Alas, there is a solution and it’s called Fast Healthcare Healthcare Interoperability Resources (FHIR).  The easiest way to explain FHIR is to describe it as a programming or coding language – but a universal coding language that can be used to enable different EHRs to communicate with one another.  Going back to our three international speakers, it would be as if suddenly each speaker could speak their native language and English!  The group would then have a language in common and could communicate.  The same principle applies here:  FHIR is the common language that, when adopted, would enable the sharing of information between healthcare providers, payers, and health information exchanges (subject to HIPAA requirements, of course). 

FHIR would also enable increased information sharing with patients.  Remember, the information sharing rules apply to the sharing of health information with patients.  And why is it important to use FHIR to share information with patients?  This brings me to my third and last point. Remember, FHIR is a universal coding language.  “Universal” means it’s used in a variety of electronic applications, software, and devices in health care, banking, and in so many of the apps we currently use.  That the coding language can communicate with a wide range of electronic devices is important because the information sharing rules in the 21st Century Cures Act mandates that health information must be provided to patients in whatever format they request (subject to defined exceptions).  This means that if a patient asks for information to be sent to a health application of their choice, the provider needs to make every effort to honor this request…and FHIR can help make that happen!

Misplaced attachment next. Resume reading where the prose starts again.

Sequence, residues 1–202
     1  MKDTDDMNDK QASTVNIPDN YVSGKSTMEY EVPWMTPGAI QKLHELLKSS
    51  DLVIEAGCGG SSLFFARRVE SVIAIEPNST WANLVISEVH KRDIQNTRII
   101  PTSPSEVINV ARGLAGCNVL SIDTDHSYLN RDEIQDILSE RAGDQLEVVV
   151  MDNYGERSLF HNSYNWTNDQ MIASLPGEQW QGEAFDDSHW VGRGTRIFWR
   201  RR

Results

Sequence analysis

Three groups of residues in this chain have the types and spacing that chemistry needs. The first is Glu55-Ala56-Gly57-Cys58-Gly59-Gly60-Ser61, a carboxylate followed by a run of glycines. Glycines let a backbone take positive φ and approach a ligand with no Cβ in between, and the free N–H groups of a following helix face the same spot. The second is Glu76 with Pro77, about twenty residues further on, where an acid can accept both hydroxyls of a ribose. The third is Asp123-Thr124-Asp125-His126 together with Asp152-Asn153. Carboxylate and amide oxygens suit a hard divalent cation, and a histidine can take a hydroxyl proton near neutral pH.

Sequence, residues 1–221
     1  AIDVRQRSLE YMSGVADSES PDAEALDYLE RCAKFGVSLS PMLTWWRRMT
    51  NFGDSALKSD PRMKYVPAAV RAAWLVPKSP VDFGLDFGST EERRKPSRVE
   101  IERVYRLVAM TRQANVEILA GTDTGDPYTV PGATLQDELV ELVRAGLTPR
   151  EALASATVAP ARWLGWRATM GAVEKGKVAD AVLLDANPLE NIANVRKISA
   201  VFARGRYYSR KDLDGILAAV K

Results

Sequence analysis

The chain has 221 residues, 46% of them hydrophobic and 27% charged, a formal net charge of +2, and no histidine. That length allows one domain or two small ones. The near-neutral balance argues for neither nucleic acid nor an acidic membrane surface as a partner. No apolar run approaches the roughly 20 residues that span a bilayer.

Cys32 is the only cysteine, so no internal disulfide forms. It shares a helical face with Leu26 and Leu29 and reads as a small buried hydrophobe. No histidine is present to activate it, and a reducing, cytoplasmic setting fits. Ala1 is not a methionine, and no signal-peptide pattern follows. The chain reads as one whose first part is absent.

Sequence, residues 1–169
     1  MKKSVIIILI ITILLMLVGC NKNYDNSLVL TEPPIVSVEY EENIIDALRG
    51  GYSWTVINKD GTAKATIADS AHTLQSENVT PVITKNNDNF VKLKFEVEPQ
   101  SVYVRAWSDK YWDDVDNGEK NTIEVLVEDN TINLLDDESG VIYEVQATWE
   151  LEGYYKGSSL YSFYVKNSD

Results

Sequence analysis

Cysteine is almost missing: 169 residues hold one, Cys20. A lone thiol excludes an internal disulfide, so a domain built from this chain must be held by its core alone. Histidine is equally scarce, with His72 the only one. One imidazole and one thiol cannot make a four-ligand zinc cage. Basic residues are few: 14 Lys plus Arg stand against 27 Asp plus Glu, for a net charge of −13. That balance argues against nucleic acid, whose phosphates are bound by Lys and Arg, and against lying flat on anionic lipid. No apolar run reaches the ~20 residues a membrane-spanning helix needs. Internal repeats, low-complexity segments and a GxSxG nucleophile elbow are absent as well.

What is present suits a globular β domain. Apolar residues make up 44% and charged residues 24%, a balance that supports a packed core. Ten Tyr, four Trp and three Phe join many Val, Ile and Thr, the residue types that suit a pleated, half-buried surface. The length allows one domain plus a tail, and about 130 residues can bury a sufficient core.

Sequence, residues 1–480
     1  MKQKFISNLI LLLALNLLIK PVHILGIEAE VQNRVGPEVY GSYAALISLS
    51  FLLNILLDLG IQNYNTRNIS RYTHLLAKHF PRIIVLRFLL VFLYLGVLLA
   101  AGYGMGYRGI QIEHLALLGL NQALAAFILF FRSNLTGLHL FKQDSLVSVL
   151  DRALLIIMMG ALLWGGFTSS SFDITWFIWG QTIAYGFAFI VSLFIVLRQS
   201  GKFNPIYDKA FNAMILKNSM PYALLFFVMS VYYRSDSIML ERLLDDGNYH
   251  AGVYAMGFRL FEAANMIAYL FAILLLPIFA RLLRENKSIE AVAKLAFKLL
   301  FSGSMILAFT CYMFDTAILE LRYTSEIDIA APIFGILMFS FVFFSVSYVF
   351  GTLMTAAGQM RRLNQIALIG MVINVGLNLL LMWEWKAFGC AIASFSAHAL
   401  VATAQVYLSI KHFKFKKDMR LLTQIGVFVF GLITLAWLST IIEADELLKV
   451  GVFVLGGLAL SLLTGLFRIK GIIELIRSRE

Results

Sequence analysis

Here at Net Health, we appreciate the information sharing rules are complicated and that it’s not easy to see what it all means.  For this reason, we have subject matter experts on staff with expertise in information sharing requirements and who work with our application development teams to promote effective information sharing functionalities in our products, including the use of FHIR.